Volume 2: Reaching Higher: Canada's Interests and Future in Space – November 2012

Executive summary

Canada has been in space for 50 of the 55 years humans have been there. Ours was the third country to have a domestically built satellite in space, the first to have its own domestic communications satellite, the first to develop a direct broadcast satellite, and—as all Canadians familiar with the maple leaf on the bicep of the Canadarm will know—a pioneer in space robotics.

Space is becoming ever more essential to modern economies and national security. The digital information revolution that is remaking contemporary societies—bringing into being new means of knowledge production, mobile access to global pools of information and entertainment, and new relations between public authorities and populations—is possible in part because of space-based assets and applications. Satellites are playing growing roles in fields as diverse as precision agriculture, resource extraction, meteorology and climatology, environmental monitoring, the delivery of education and health services, emergency response, border surveillance, the operation of civil and military drones, and the rapid deployment of armed forces. And it is not just big, expensive satellites that are providing such capabilities: smaller, cheaper satellites are becoming increasingly sophisticated, offering public and private sector customers a wider range of options when they buy and use space assets.

For all these reasons, dozens of countries have committed themselves to joining established space-faring nations in placing and operating assets in orbit, while a growing number of investors have taken an interest in commercial space ventures, from satellite launch and on-orbit refuelling services to space tourism and space mining.

Canada—with its vast geography, dispersed population, isolated communities, long coastlines, rich endowment of natural resources, and northern location—has a particular need for space assets and applications. The right mix of satellites and associated ground infrastructure, for example, will be indispensable if the country is to accelerate wealth creation, protect the environment, and assert its sovereignty as the North opens.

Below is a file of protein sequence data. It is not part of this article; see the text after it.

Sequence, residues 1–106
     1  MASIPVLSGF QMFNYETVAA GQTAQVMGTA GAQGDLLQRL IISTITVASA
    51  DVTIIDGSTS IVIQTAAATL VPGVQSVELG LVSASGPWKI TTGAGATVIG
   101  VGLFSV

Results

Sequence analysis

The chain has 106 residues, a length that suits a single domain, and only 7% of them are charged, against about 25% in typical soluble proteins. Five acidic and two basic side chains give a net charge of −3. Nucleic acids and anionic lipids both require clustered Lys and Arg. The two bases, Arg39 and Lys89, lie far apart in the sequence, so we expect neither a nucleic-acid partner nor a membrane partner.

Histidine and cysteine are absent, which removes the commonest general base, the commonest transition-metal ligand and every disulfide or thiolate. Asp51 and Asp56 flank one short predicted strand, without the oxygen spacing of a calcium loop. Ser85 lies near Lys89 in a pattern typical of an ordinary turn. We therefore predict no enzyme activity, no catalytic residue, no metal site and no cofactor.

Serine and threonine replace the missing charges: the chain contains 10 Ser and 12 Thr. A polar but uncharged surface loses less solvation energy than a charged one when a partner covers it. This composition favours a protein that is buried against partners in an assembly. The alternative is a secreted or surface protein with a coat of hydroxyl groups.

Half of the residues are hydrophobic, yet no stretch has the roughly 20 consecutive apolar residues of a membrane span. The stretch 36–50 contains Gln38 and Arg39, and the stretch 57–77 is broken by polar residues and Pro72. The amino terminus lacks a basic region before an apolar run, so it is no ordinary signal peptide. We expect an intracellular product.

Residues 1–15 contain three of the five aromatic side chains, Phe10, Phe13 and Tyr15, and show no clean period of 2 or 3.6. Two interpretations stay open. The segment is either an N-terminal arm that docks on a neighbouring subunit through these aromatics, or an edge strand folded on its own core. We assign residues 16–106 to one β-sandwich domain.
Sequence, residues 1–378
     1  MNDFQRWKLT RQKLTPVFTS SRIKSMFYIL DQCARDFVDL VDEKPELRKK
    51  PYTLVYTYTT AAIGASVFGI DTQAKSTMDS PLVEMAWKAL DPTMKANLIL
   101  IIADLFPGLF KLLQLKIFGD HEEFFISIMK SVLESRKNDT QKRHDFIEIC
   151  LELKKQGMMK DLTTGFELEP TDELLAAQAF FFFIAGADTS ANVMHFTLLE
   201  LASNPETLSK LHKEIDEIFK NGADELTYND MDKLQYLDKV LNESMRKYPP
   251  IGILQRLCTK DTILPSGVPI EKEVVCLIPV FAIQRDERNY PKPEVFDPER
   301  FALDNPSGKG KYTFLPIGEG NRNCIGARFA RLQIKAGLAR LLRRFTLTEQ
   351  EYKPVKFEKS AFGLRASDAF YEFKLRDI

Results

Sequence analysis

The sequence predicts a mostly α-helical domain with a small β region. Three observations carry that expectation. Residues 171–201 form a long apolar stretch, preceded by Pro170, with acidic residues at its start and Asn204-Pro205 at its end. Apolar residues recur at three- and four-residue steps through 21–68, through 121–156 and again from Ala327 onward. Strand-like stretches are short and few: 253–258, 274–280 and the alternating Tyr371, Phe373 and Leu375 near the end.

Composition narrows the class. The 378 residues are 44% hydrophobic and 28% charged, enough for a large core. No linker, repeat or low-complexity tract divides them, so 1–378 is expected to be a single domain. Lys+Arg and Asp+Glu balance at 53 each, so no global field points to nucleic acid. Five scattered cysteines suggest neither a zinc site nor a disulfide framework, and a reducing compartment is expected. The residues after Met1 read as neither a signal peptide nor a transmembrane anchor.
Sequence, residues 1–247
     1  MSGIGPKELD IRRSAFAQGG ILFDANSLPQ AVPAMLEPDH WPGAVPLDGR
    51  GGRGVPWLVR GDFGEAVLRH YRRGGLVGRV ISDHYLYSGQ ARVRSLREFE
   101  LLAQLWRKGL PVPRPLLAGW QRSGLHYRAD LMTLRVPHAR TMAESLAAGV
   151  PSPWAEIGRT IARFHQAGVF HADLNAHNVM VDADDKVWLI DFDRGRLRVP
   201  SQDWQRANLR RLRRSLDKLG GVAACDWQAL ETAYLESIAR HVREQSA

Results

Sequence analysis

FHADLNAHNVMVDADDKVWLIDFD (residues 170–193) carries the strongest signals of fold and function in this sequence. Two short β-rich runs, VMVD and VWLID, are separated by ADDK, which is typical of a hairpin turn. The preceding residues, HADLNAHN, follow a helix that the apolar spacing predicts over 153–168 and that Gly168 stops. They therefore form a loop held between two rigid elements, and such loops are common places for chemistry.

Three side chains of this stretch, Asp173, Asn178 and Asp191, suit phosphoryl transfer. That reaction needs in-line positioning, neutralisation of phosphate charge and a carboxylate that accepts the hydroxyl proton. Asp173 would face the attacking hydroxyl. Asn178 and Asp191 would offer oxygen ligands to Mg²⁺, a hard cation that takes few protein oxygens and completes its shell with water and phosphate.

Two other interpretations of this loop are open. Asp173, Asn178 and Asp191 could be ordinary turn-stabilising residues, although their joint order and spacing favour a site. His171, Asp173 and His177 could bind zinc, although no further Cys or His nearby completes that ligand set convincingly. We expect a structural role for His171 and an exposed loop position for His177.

Historically, space-related activity has largely been led by governments. Motivated partly by prestige, partly by curiosity, and partly by the desire to support provision of public services, governments have borne much of the cost and risk of space exploration and activity. Where market economies exist, governments have done so in partnership with companies that have received contracts to design and manufacture space assets for public as well as private use. In Canada, the result has been the creation of a $3.4 billion space industry that employs 8,000 workers across the country, derives 80 per cent of its revenue from satellite communications, and generates half of its revenue from sales abroad, making it one of the most export-oriented space sectors in the world.

By virtue of niche strengths in areas like satellite communications, Earth observation, and space robotics—along with strong global networks and a positive reputation—the Canadian industry is well-positioned to take advantage of emerging opportunities, succeed commercially, and contribute to the public good.

But business as usual will not be good enough. Advancing the national interest through space-based activity and fostering a competitive Canadian space industry will require resolve, clear priorities that are set at the highest levels, and effective plans and programs to translate these priorities into practice. If the Canadian effort in space has been hampered over the past decade, it is partly because there has not been sufficient clarity of purpose, lines of authority among public agencies have been blurred, and processes for procuring space assets and services have failed to adapt to new global realities and the commercial capacity of space firms. In a sector whose undertakings are innovation-dependent, long term, expensive, and complex, it is critical to have concrete goals, predictable funding, and orderly implementation.